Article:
Welcome To The Wonderful World Of Spornosexuality

Remember in the early 2000s when metrosexuality was everybody’s favorite buzzword? If you need a refresher, a metrosexual “is a young man with money to spend, living in or within easy reach of a metropolis — because that’s where all the best shops, clubs, gyms and hairdressers are. He might be officially gay, straight or bisexual, but this is utterly immaterial because he has clearly taken himself as his own love object and pleasure as his sexual preference,” according to English journalist Mark Simpson who coined the term.

Essentially, a metrosexual is a dude who’s into vanity (I always just think of Ryan Seacrest at a nail salon as a prime example). That hardly sounds mindblowing today, but it was apparently a pretty big deal 20 years ago when the label first came to be. On top of bringing the very word into existence, Simpson also ventured that metrosexuality was “the most promising consumer market of the decade” back in the ’90s. He makes it pretty clear that he sees the shift to a heavier male focus on grooming as something of an awakening among the straight male population after centuries of being discouraged from caring about their looks in the way or admitting to wanting to feel desired in the that women and gay men do.

Now, Simpson has introduced us to the spornosexual (a word so funny-sounding I can barely type it with a straight face). The spornosexual is a guy who takes metrosexuality from a focus on wearing nice clothes to a focus on having a kick-ass body. These men spent their younger days inspired by metrosexual heroes like David Beckham, and now they spend their time at the gym chiseling their abs and sweating their way to sexiness.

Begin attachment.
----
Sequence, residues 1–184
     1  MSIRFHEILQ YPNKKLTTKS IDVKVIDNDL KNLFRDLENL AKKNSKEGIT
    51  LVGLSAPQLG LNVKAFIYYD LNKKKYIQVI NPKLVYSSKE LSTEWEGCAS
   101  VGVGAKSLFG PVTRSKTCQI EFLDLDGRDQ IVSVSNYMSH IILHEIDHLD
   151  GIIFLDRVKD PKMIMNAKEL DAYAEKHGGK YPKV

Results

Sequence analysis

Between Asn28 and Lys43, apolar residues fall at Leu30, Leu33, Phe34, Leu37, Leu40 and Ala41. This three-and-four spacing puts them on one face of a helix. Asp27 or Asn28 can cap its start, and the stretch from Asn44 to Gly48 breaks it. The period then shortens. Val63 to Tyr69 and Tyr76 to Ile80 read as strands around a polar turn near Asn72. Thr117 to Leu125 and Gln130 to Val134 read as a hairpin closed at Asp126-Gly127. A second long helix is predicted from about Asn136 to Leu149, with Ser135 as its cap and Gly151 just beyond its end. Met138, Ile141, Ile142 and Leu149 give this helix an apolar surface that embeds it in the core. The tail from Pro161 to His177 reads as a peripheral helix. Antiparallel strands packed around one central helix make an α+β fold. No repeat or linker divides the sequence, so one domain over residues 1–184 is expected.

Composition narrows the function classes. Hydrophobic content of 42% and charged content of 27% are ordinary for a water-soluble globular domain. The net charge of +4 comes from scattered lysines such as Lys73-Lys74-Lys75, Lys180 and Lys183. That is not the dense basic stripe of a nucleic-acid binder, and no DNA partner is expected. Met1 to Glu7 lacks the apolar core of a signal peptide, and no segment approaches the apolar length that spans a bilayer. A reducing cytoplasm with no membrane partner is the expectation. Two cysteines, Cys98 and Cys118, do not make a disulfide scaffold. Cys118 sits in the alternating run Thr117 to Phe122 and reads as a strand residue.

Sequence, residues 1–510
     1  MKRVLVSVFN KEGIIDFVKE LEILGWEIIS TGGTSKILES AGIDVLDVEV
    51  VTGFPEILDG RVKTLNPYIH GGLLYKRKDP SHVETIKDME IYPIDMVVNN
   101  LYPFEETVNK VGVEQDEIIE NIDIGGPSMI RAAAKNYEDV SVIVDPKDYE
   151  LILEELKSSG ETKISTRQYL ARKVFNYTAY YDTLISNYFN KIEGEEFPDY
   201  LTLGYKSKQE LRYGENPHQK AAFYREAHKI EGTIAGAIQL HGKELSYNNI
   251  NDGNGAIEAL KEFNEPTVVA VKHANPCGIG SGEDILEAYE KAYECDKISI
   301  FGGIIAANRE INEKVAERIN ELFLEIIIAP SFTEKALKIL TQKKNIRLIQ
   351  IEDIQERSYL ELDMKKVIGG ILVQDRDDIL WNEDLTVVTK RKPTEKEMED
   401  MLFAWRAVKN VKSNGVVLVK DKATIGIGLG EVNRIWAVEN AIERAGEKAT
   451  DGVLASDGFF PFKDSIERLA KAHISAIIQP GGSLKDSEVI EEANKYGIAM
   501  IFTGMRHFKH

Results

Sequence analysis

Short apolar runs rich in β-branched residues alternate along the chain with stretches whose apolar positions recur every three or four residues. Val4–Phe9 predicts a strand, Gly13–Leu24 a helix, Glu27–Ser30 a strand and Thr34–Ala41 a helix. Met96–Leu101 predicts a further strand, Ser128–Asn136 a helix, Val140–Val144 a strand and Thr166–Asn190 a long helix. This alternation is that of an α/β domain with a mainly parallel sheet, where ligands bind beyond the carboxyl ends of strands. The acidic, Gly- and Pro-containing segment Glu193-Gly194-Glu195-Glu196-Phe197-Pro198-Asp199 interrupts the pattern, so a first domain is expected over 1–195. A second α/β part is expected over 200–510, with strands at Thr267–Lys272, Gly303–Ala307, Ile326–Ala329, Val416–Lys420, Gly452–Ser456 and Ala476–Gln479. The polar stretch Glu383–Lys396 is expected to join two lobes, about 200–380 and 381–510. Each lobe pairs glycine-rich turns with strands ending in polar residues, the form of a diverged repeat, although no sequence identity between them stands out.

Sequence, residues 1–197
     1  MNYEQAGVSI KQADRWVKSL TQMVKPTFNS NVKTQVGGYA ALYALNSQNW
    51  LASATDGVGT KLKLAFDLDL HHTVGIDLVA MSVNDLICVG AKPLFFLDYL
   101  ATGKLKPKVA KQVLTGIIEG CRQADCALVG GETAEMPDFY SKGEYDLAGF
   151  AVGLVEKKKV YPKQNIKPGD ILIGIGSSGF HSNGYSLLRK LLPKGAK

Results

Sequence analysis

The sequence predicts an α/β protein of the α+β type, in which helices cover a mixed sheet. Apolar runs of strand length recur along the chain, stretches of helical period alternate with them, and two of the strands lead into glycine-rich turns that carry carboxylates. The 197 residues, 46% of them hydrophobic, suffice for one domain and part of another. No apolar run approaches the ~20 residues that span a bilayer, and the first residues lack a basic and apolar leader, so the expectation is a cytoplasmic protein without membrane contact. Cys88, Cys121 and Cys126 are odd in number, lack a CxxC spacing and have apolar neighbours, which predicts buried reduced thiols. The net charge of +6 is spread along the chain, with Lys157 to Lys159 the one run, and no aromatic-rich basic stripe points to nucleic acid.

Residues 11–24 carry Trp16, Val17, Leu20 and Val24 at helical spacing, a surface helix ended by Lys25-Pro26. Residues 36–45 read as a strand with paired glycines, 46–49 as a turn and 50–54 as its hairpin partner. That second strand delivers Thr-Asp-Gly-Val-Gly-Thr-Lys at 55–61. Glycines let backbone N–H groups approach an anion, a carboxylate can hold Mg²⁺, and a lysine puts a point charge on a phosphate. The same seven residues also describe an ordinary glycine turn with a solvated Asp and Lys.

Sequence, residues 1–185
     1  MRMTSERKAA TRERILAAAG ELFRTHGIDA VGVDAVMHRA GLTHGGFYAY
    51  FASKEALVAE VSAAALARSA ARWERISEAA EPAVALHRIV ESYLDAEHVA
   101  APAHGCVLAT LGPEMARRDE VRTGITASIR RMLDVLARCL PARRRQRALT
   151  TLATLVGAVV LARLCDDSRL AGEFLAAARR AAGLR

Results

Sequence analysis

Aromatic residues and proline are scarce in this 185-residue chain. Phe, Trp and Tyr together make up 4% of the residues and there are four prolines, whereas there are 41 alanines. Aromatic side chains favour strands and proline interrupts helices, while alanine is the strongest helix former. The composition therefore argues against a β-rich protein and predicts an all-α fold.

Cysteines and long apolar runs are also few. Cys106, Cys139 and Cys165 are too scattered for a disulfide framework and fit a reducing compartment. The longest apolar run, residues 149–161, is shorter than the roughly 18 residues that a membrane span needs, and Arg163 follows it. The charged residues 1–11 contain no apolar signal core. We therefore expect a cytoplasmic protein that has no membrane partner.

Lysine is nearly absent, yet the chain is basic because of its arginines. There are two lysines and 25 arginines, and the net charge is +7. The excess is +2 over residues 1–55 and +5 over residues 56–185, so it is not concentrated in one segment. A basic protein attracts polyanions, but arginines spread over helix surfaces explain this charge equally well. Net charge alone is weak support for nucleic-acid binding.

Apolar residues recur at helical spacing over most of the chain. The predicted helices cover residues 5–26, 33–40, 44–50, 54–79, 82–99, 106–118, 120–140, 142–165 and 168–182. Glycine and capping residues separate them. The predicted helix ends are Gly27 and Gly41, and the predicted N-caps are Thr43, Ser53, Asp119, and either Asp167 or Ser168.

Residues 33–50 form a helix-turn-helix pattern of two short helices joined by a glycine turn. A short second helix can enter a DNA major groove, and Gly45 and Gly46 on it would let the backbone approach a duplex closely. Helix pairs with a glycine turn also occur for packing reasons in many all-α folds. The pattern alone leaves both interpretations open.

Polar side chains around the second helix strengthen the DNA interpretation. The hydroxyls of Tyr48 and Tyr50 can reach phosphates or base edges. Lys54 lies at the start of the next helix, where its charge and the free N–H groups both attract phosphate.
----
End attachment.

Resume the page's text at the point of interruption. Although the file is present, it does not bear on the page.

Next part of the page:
Instead of being motivated by Hollywood and magazines like early metrosexuality, spornosexuals are apparently inspired by the exhibition of social media and hot bodies they see in porn. Simpson implies it’s rooted in a desire to be objectified, which I find to be a pretty strong assumption. I really don’t think we need a trendy new term to describe a dude who works out, but I also don’t hate that this subject showing up in the media gives me an excuse to stare at muscle-y dudes. I can’t really imagine this sporno business taking off, but that’s probably what everyone said when metrosexuality first introduced in 1994, so who knows. That said, there’s no trend more aesthetically pleasing for our Instagram feeds than this one, so I’m going to call it a reason to celebrate. Bring on the fitbros, please.